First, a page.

• Economy-driven. We are a consumerist society. In fact, it is a known fact that 70% of the US economy is driven by consumer spending. Our economy is built in such a way that it thrives in how much we spend – not how much we produce. Even if we have a high production rate, if no one buys them, that will not mean anything in our economy. Overall, the businesses thrive if we spend our money on them. So we work for these companies so we can buy the products that businesses produce. What we spend is what the business owners use to pay us our wages so we can buy some more. It is a cycle that moves because of consumer spending.

  • Measurement of an improving economy. In connection with the first reason, our consumer debt problem is made worse because we use our spending as a measurement of our economic success. According to the New York Times link that we mentioned at the beginning of this article, the willingness to borrow money to spend is an indication that households are confident about their personal economic conditions. The NYTimes.com article quoted an expert that said “In a steady state you would expect, in nominal terms, household debt to grow.” That simply means if we want our economy to be steady, we need to expect that our debt will really grow.

  • Cultural thing. As sad as it may sound, Americans are culturally inclined to spend. If they want something, they spend on it instead of finding ways to work on it themselves. Some of us blame credit card debt on the purchasing tool itself. But if you think about it, the problem is not the card, but how we use it. An article published on CNBC.com revealed that other countries does not react to credit cards in the same way as we do. France, Germany and other countries in Europe do not have as much credit card debt as we have – and they have more savings than we do too. We all have access to the same purchasing tools but Americans are culturally inclined to be in debt just to get the things that we want. We do not prioritize savings as much as we should and the lack of emergency fund actually leaves us in a more vulnerable position in the future. One emergency that is beyond our budget can put us in debt.

You need to consider these factors as important influences to our current consumer debt problem. Obviously, something has to change and relying on the government to influence us to change is not possible. We need to look into our own homes and start making small changes here and there to make sure that our debt level will not reach a point that will lead into another financial crisis.

What will it take to change the debt situation of consumers

There are many ways to improve your finances but it all begins with your ability to change your mindset. It is tough to change habits that we have grown accustomed to but there is no shortcut to it. We have to work hard to make sure that our debt situation will not get any worse.

With that, here are 5 things that you can do to help make the necessary changes that will solve our consumer debt problem.

  • Ignore the calls to spend if you do not need to buy anything. Since our economy is geared towards spending, you can expect that everything around you will encourage you to buy something. These include advertisements, peers, neighbors and even your own family. Keep in mind that if you do not need it, do not spend on it.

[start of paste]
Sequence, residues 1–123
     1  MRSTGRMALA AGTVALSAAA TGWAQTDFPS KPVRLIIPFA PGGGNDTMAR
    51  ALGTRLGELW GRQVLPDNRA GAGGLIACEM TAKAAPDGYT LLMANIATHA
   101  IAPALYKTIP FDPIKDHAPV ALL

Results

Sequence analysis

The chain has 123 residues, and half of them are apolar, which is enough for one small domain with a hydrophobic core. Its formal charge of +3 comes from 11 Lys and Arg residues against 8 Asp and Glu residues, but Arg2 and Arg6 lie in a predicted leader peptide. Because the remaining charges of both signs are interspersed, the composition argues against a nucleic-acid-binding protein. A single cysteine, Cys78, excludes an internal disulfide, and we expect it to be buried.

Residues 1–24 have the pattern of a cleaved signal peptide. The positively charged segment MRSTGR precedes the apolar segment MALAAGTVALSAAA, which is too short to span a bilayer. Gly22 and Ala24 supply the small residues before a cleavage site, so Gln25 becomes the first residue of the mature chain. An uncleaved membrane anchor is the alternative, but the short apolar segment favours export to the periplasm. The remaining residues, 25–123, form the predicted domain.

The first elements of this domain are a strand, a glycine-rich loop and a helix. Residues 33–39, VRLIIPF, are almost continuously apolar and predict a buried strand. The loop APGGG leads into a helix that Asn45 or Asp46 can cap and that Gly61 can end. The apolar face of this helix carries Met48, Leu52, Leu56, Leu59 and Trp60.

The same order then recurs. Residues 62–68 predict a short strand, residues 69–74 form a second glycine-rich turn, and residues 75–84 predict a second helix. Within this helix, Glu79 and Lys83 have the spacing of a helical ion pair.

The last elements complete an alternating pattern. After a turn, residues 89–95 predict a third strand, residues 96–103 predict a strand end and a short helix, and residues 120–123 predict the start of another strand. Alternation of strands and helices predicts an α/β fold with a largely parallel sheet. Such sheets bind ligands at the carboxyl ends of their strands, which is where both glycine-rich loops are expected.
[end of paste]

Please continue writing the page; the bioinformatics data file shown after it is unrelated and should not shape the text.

• Understand your current financial situation – at all times. One way to help you control your spending is when you know your financial capabilities. If you live on a budget, you can quickly decide if you can afford something or not.

  • Stop using your material possessions as a measurement of your success. At this point in time, looking into the qualities of the modest millionaire is a good idea. You need to stop using your possessions as the measurement of how financially successful you are. You do not need to show off. Just be modest and be content in knowing that you are financially secure today and in your future.

  • Educate yourself on how to properly grow your personal net worth. Not only should you know your finances, you should also understand how you can grow it. Learn about investments so you can put your money where it can grow.

  • Find out your options to get out of debt. Since we already have the consumer debt problem, we naturally have to find out how to get out of debt. Fortunately for you, there are so many options before you. You just have to find the specific debt solution that fits your needs. To help you, here is a video from National Debt Relief that will help you find trustworthy debt relief companies to aid you in getting debt freedom.

15 Questions You Absolutely Should Ask A Real Estate Agent

What To Do During Your Pre-Retirement YearsIf you might be selling your home, step back, take a deep breath and think about what you’re doing. Your home is most likely your most important asset. If you’re going to sell your home, you need to do it right. And doing it right means having the right real estate agent. Experts in this area say that it’s critical that you have a good rapport and comfortable feeling with your real estate agent. This is because you will be required to divulge some very personal information about your wish list, timelines and finances. Selling your home will likely take time and if you don’t get along with the realtor or don’t like his or her style, it won’t be an enjoyable process.

Obviously you need to know the terms of your contract and how to get out of it if that becomes necessary. Beyond this here are 15 questions you should ask a prospective real estate agent before signing on the dotted line.

1. Do you have a broker’s license or real estate sales license? Are you a Realtor™?